Free Software Matters:
Microsoft Strikes Back

Eben Moglen*

May 21, 2001

Now that the Soviet Empire is no more, Microsoft has identified the greatest current threat to the American Way of Life. Not global warming, corporate irresponsibility, or bad public education: no, the nemesis of American values and global prosperity is--the free software movement.

It's nice to be appreciated. In all the years that my colleagues and clients in the community have been building the best-quality programs on earth and giving them away for everyone to learn from and use, there's always been a tiny bit of chagrin mixed with our satisfaction: our friends in Redmond just didn't seem to care. But when Craig Mundie, a Microsoft Senior Vice President, spoke in New York on May 3, all those years of being ignored ended.

We are realists and we did not expect to be thanked. We knew Microsoft wasn't going to give us an award for innovation. We did deserve to be lavishly congratulated for bringing back the fun and glory of programming on an unprecedented worldwide scale, enlisting thousands of volunteers in creating the most reliable and flexible operating system for personal computers along with thousands of applications packages performing every task that anyone needs computers to undertake. Our innovative technologies are available at minimal distribution cost to anyone, anywhere. Not only can everyone run our software: everyone can read it, learn from it, modify it or reuse it in any project of their own, redistribute it, sell it--do anything with it except reduce the freedom of anyone else. We think that's a contribution to society justifying an award, but we didn't expect to get one from Microsoft. What surprised us, now that Microsoft's paying attention, is that what they have to say isn't just hostile. It's also stupid.

Mr Mundie told his audience and the invited world press that the basis of continued global prosperity is the information society, which in turn rests on the continued viability of Microsoft's ``commercial software business model.'' That model is to make software and sell it to people at high prices without giving them the rights to understand and improve it. Our model, which is to make the best software anyone knows how to make and then give it away to everyone else so they can try to make it better, threatens, Mr Mundie said, to prevent innovation.

Naturally an idea this dumb is not likely to be widely adopted unless it is confusingly dressed up to look like something else. So Mr Mundie explained that free software is like the dot-coms that everyone thought were so wonderful until it turned out that advertisers wouldn't pay for everything they were giving away. But the dot-coms Mr Mundie was talking about got enormous amounts of venture capital to produce very expensive content that was going to be ``given away'' to consumers in return for the right to sell their eyeballs to advertisers. When it turned out that this wouldn't make enough money to pay for the expensive content, everything folded. The free software movement can't fail that way because our content isn't expensive: we collaboratively make it at a price so low we can afford to give it all away. We don't need advertising revenues or venture capital to make the product.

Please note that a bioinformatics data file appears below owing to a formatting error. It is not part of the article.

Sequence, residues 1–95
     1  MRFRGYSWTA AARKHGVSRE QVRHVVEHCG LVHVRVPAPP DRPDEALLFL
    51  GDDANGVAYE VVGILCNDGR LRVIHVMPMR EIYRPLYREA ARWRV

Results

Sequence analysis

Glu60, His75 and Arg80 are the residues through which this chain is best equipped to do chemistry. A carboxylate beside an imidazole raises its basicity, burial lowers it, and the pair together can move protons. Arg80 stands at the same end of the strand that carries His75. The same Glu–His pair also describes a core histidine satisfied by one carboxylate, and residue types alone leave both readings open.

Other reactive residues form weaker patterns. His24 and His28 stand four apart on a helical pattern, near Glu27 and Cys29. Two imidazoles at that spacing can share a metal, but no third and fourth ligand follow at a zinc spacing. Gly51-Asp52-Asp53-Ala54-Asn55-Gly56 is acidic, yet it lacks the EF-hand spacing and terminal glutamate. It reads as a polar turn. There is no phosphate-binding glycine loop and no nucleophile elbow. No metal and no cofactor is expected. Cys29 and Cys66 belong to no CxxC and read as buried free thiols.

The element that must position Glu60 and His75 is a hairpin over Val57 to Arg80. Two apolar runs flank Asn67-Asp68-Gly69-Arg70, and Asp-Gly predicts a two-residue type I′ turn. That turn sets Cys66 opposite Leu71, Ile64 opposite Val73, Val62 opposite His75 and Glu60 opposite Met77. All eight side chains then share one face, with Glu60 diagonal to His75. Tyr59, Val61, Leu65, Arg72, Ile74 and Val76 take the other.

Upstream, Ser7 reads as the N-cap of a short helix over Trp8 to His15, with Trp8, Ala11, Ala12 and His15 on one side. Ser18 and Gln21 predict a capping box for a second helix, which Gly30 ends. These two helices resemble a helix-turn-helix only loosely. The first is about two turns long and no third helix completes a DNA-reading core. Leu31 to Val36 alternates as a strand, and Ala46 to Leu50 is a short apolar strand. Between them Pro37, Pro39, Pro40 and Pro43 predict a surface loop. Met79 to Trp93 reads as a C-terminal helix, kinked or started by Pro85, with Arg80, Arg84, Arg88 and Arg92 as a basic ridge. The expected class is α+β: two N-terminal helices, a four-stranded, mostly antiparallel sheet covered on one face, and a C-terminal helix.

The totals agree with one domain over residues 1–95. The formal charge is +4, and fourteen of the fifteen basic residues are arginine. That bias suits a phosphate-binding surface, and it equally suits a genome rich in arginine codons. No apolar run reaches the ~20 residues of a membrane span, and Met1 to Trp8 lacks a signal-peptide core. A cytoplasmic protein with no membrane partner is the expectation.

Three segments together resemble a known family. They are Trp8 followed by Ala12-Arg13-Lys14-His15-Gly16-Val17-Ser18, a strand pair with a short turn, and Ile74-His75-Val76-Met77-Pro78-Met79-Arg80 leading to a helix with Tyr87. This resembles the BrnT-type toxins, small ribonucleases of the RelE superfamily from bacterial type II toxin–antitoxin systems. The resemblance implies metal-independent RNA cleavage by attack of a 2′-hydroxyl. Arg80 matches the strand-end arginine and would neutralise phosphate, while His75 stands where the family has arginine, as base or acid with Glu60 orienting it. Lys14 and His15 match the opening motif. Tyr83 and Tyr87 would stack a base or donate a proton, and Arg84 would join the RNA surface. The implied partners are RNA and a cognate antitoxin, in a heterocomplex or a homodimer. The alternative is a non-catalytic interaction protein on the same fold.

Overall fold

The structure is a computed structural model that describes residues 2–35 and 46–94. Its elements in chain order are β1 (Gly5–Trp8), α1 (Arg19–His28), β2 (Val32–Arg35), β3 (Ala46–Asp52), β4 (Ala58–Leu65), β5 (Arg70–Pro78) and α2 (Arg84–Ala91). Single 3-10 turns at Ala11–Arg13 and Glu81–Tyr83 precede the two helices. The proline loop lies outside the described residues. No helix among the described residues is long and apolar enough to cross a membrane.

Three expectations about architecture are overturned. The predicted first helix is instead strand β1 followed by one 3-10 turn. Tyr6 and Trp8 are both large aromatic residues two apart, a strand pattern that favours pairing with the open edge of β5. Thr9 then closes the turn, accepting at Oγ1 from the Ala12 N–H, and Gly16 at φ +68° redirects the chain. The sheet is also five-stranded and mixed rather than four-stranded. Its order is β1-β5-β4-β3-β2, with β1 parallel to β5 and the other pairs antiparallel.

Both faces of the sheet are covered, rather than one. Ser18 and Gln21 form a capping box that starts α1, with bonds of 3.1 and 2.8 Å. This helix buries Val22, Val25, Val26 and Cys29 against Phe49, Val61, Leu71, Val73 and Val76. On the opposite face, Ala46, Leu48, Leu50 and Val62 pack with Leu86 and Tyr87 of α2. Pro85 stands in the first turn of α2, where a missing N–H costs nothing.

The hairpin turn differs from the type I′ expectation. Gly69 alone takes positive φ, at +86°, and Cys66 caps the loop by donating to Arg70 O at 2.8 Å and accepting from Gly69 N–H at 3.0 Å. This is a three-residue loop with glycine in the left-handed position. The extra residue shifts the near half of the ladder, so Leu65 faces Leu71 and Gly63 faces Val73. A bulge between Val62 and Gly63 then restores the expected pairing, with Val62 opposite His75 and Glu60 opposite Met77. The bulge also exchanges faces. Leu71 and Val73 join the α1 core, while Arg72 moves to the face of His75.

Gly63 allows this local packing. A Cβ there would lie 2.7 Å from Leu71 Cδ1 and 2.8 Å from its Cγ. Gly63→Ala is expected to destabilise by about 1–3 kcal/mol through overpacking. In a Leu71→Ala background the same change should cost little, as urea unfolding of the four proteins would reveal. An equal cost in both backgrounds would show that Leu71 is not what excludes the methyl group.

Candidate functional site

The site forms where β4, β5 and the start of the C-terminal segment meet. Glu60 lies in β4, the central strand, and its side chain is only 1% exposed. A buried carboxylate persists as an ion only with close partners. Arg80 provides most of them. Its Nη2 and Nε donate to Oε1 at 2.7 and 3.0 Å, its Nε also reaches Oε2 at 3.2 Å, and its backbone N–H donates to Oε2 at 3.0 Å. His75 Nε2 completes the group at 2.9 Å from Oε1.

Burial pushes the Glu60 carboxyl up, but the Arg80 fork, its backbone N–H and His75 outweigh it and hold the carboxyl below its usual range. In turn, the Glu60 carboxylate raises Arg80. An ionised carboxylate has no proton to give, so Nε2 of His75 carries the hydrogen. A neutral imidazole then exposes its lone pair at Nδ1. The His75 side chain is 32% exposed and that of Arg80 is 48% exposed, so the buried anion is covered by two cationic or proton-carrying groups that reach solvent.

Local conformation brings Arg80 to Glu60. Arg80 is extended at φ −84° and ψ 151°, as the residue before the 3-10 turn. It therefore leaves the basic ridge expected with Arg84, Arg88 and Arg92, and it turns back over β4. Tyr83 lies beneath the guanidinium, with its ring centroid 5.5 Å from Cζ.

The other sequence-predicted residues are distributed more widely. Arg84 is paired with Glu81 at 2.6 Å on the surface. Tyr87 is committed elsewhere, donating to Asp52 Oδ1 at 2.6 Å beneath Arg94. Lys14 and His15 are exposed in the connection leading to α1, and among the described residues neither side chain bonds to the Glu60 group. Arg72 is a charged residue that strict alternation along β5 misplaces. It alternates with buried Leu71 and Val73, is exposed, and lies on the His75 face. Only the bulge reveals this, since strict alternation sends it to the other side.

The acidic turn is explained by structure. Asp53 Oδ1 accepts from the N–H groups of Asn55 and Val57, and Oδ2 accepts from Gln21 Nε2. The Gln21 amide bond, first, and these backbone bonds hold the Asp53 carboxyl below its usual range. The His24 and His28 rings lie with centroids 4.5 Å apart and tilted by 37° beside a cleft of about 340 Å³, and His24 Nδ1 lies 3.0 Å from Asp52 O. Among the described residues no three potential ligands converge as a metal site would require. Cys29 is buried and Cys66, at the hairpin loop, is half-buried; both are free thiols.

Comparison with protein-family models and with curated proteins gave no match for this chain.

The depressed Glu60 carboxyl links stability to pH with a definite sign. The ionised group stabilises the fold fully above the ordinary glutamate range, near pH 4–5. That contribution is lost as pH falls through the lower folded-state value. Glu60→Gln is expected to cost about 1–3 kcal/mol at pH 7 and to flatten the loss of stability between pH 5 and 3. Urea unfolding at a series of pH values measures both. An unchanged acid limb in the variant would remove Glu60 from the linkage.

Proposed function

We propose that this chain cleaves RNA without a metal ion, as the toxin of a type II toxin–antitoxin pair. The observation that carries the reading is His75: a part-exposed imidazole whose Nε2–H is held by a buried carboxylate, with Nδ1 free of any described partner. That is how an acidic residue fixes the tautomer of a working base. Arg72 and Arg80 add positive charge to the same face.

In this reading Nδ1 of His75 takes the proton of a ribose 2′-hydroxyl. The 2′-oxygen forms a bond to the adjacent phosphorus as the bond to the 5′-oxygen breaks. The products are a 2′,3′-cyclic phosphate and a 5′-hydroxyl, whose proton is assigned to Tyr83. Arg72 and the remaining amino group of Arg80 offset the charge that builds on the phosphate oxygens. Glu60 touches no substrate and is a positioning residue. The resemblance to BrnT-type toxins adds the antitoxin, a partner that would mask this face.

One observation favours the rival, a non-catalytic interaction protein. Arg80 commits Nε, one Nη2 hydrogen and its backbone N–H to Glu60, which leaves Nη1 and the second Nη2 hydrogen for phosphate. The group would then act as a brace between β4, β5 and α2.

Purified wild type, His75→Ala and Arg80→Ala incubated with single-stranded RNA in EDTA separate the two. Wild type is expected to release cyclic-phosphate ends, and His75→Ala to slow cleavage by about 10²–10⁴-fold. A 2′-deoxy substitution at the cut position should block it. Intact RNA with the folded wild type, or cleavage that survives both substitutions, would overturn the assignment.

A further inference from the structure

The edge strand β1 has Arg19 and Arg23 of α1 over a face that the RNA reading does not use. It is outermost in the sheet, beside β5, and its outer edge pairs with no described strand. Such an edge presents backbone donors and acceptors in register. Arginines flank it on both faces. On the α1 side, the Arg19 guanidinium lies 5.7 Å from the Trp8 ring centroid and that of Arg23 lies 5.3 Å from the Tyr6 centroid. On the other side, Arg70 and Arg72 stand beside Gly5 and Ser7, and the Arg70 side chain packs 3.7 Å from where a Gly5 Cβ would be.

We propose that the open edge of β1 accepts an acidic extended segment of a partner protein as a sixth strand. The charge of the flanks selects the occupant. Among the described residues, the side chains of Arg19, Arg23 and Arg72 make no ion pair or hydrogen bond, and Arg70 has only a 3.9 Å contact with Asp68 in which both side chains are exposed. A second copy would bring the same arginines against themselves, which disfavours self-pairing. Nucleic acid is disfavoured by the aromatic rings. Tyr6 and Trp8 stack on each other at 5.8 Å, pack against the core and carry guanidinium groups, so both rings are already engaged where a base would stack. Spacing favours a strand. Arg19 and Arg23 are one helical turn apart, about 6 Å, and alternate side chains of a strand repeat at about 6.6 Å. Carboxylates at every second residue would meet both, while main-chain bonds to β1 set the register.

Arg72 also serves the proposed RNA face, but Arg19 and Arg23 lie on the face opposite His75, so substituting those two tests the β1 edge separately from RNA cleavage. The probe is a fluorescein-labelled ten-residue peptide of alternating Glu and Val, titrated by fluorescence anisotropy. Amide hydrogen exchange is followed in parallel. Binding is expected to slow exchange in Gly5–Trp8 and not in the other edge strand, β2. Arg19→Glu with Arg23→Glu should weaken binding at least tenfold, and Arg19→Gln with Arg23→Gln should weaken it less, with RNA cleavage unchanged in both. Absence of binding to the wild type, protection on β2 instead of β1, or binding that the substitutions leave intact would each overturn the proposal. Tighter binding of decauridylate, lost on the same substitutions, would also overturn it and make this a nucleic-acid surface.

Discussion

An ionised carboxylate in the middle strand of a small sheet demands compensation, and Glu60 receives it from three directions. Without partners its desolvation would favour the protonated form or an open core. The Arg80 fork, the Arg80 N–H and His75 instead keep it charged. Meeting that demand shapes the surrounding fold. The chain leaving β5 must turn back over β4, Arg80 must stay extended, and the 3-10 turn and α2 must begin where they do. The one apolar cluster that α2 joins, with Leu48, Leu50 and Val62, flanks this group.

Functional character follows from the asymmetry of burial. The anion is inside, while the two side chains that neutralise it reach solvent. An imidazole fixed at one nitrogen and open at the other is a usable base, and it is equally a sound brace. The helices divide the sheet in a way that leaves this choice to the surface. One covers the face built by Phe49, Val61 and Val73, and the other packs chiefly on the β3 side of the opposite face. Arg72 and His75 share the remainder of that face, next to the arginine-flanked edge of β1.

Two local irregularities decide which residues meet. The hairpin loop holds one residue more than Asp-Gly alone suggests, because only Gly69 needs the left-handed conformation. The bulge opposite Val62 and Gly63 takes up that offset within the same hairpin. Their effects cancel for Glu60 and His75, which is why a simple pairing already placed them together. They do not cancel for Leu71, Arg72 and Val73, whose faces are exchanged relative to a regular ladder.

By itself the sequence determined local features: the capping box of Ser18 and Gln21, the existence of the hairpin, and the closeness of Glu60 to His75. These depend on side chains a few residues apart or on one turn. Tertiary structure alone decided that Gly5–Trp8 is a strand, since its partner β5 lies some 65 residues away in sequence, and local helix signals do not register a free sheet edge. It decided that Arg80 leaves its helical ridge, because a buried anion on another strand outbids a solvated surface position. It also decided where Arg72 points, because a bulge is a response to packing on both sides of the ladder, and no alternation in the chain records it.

In fact, the technical development of free software so far is just a tiny first installment of what's going to happen next. Because the Internet is maturing throughout the world, along with a generation of programmers who have grown up with free software, there are tens of thousands of new potential contributors to free software each year, and the range of new subjects they can tackle is vast. Because the software is fully free and everyone can modify it, maintenance is in fact much easier and takes less of the collective brainpower available. And because all the code is reusable, it's much easier to start new projects because you can take over everyone else's solutions to all the familiar problems. So free software produces the kind of innovation and new product development that the dot-com world could only achieve using unsustainable levels of venture capital. Not only does Mr Mundie's example not support his argument against free software, it actually shows why free software is an inherently superior competitor when matched against Microsoft.

Thanks to the GPL, which is the real target of Microsoft's hostility, everything the free movement does remains free forever. Microsoft can't ``embrace and extend'' free software, and can't buy it up either. So Microsoft has to compete against it. Which, Mr Mundie admits in the most amazing part of his remarks, it can't. The free software movement, through the GPL, Mr Mundie said:

fundamentally undermines the independent commercial software sector because it effectively makes it impossible to distribute software on a basis where recipients pay for the product rather than just the cost of distribution.
``Effectively makes it impossible'' to sell bad stuff at high prices. Instead Microsoft would have to make much better software than ours so that people would pay much more for it. And that, Mr Mundie knows, they can't do.

So there it is. Microsoft now admits that, if they can't confuse the issue, we're a superior competitor and we're going to put them out of business. To attack us, you have to attack freedom. We're going to transform the global industry forever, making things better for programmers, users, and those who want to learn. From here on out, even Microsoft admits that Free Software Matters.

*  Eben Moglen is professor of law and legal history at Columbia University Law School. He serves without fee as General Counsel of the Free Software Foundation. You can read more of his writing at

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